Hyperuricemia, Gout, and Cardiovascular Disease: An Update

  • Aryeh M. AbelesEmail author
Crystal Arthritis (MH Pillinger and S Krasnokutsky, Section Editors)
Part of the following topical collections:
  1. Topical Collection on Crystal Arthritis


Across the globe, both gout and hyperuricemia have become increasingly common over the last few decades. The burden of gouty disease is made heavier by its association with several comorbid conditions, including hypertension, cardiovascular disease, and chronic kidney disease. Accruing evidence from prospective studies suggests that gout is an independent risk factor for developing cardiovascular disease and for higher cardiovascular mortality. While asymptomatic hyperuricemia does not seem to be an independent risk factor for cardiovascular disease, increasing data implicates hyperuricemia as a risk factor for developing incidental hypertension. Important questions that remain unanswered include whether addressing asymptomatic hyperuricemia forestalls the onset of hypertension, and whether treating gout with urate-lowering agents improves cardiovascular outcomes. This article reviews the most recent data regarding the relationship between hyperuricemia, gout, hypertension, and cardiovascular disease, as well as emerging evidence as to whether treatment of hyperuricemia and gout improves cardiovascular outcomes.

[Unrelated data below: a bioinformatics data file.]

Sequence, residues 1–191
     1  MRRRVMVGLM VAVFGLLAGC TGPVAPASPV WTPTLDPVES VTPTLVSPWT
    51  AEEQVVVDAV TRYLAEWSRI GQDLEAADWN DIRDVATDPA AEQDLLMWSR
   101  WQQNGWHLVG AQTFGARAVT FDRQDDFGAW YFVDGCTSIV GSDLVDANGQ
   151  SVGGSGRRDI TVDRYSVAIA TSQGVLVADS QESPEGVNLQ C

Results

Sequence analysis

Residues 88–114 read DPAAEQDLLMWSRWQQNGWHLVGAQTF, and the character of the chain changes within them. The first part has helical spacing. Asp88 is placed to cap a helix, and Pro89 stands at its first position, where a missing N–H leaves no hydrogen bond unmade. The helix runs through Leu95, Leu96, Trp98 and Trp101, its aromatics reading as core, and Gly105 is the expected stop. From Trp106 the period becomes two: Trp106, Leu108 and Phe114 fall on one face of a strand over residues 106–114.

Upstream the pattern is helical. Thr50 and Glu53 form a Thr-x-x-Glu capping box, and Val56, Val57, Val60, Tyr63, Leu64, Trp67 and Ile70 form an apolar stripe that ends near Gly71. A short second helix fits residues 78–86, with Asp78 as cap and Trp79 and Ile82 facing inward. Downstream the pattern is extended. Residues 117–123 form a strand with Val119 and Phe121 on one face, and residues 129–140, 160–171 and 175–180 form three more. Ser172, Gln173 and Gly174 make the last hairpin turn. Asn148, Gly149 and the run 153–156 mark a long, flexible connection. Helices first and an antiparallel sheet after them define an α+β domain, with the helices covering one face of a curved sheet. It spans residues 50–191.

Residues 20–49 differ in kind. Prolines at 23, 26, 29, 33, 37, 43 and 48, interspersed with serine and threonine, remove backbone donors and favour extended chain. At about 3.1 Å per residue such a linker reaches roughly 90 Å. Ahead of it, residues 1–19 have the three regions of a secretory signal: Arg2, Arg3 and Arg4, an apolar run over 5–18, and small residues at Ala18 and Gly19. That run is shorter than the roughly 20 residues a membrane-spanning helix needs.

Gout Hyperuricemia Hypertension Cardiovascular disease Allopurinol 


Compliance with Ethics Guidelines

Conflict of Interest

Aryeh M. Abeles declares no conflict of interest.

Human and Animal Rights and Informed Consent

This article does not contain any studies with human or animal subjects performed by the author.


Papers of particular interest, published recently, have been highlighted as: • Of importance

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Copyright information

© Springer Science+Business Media New York 2015

Authors and Affiliations

  1. 1.Division of RheumatologyUniversity of Connecticut Health CenterFarmingtonUSA

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